Tomás Saraceno is an Argentine-born, Berlin-based artist who has worked with local communities, scientific researchers and institutions around the world. Together they have created works at the intersection of art, architecture, engineering and the natural sciences that propose new, sustainable ways of inhabiting and sensing the environment. He has lectured at institutions worldwide; directed the Institute of Architecture‐related Art (IAK) at Braunschweig University of Technology in Germany (2014 – 16), and held residencies at the Centre National d’Études Spatiales in Paris, the MIT Center for Art, Science & Technology and the Atelier Calder in central France, among others. He has had solo exhibitions at multiple museums and institutions, including the Palais de Tokyo in Paris (2018), the Museo de Arte Moderno in Buenos Aires (2017), the Metropolitan Museum of Art in New York (2012) and the Hamburger Bahnhof – Museum für Gegenwart in Berlin (2011). For the 2020 project Fly with Aerocene Pacha, 32 world records were set with Aerocene, marking the most sustainable flight in human history.
"Saraceno is not so much an artist as a polymath on a mission. . . . His overarching goal might be summed up simply as getting humans to live right. This means getting them to understand that they are not the top of a pyramid of power in what is called the Anthropocene era, but exist on a horizontal plane with all non-humans, to which they should be sensitized and from which they have plenty to learn. And they exist in what Saraceno prefers to call the Aerocene era in which interspecies-cooperation and clean air are required. —Roberta Smith, The New York Times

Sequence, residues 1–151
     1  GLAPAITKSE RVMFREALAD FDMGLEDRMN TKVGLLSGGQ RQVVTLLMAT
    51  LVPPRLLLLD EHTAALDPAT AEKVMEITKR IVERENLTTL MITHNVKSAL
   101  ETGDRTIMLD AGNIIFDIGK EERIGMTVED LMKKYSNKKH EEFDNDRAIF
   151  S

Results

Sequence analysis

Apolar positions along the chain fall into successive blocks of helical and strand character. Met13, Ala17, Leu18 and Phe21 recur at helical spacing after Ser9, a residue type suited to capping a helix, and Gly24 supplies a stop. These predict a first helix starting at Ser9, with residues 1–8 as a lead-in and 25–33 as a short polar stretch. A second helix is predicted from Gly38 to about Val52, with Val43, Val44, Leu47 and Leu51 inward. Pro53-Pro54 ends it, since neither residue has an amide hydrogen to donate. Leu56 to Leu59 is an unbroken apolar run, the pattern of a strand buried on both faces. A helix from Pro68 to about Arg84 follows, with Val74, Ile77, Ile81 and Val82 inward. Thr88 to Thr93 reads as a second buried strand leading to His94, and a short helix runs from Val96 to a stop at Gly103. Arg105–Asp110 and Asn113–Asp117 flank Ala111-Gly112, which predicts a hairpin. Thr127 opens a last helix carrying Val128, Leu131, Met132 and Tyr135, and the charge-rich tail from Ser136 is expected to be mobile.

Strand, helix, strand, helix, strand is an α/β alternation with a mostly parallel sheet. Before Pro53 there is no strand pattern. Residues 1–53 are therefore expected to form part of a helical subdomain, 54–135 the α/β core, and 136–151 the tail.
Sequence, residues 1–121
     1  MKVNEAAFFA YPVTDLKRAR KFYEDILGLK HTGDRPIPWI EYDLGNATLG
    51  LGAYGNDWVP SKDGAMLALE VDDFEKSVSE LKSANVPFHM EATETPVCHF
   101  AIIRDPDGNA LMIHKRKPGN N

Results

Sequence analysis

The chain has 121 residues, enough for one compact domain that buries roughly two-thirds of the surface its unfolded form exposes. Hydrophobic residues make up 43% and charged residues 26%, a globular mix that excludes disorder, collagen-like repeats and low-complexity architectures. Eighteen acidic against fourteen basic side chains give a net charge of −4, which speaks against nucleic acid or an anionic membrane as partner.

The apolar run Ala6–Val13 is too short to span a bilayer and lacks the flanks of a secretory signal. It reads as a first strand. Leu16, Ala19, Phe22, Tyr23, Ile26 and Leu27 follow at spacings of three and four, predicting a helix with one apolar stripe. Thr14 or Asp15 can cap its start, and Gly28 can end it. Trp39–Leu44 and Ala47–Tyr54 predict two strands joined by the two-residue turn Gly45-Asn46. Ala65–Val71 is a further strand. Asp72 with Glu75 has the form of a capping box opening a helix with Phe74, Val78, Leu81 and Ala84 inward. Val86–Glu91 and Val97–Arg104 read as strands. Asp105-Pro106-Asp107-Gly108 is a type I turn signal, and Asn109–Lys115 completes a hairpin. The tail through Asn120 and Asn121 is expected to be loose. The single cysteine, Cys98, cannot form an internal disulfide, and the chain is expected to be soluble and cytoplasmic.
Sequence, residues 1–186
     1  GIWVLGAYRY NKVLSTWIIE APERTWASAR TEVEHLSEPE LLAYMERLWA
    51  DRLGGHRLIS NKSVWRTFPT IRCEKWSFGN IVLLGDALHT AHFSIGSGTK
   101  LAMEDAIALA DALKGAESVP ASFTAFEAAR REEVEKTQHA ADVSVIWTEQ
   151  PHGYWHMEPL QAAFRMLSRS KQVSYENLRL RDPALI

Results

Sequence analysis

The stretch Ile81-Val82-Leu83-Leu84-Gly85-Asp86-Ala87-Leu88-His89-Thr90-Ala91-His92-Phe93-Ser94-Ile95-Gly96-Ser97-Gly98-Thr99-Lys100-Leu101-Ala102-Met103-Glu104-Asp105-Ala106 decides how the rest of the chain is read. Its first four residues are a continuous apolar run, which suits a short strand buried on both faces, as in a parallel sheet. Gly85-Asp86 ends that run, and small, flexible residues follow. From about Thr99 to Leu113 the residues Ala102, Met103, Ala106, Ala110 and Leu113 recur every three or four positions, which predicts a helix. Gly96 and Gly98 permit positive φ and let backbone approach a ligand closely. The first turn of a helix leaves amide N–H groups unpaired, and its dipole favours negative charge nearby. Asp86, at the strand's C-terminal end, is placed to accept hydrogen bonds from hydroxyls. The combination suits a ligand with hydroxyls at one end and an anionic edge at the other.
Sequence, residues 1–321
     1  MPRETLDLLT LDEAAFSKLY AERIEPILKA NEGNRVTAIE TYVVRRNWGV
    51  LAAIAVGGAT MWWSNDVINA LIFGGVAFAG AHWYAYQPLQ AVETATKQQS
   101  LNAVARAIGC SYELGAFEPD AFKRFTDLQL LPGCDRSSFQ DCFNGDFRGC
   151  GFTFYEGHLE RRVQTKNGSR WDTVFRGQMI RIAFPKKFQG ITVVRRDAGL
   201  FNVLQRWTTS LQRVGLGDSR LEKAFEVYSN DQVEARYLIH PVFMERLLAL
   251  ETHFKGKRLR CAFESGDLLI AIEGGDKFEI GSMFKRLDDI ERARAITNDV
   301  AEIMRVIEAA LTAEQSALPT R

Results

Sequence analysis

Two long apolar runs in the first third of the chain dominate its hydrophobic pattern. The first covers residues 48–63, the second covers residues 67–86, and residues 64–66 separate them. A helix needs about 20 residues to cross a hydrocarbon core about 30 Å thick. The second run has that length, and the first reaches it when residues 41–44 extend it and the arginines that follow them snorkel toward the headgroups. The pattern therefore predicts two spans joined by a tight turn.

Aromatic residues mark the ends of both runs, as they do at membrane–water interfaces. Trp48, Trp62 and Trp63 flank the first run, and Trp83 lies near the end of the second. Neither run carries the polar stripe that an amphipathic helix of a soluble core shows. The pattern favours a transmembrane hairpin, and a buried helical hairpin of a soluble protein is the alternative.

"Tomás Saraceno's studio, in a gritty eastern district of Berlin, stands on toxic ground. After more than a century of industrial use, the land was saturated with contaminants. When Saraceno took over the derelict brick building in 2012, the sale came with restrictions. 'They said, "Please don’t plant apple trees near the street,"' he recalled, because '"people will eat an apple and be poisoned."'
"For an artist preoccupied with ecological concerns, extreme environmental degradation can be inspiring. . . . Saraceno is a hybrid of visionary artist and eccentric scientist. Over the years, he has produced scholarly research as well as sensuous works of art focusing on his two passions, spiders and solar-powered balloons, which have captivated him since childhood. Both, he feels, offer direct access to the mystery of the universe and provide an escape from anthropocentric, gravity-bound thinking." —Arthur Lubow, T: The New York Times Style Magazine
“'What kind of spider are you? What spider will you become?'
"This question is asked of all who visit Free the Air: How to hear the universe in a spider/web, part of Tomás Saraceno’s Particular Matter(s) exhibition on view at The Shed in Manhattan. . . . Particular Matter(s) is not only teaching us more about what it’s like to be a spider, but how to be a better ecological actor. The experiences of being on the nets, feeling the vibrations of everyone moving around you, heightens the experience of others. The opening question, 'What kind of spider are you? What spider will you become?' could also be interpreted as 'What kind of person are you? What person will you become?'” —The Architect's Newspaper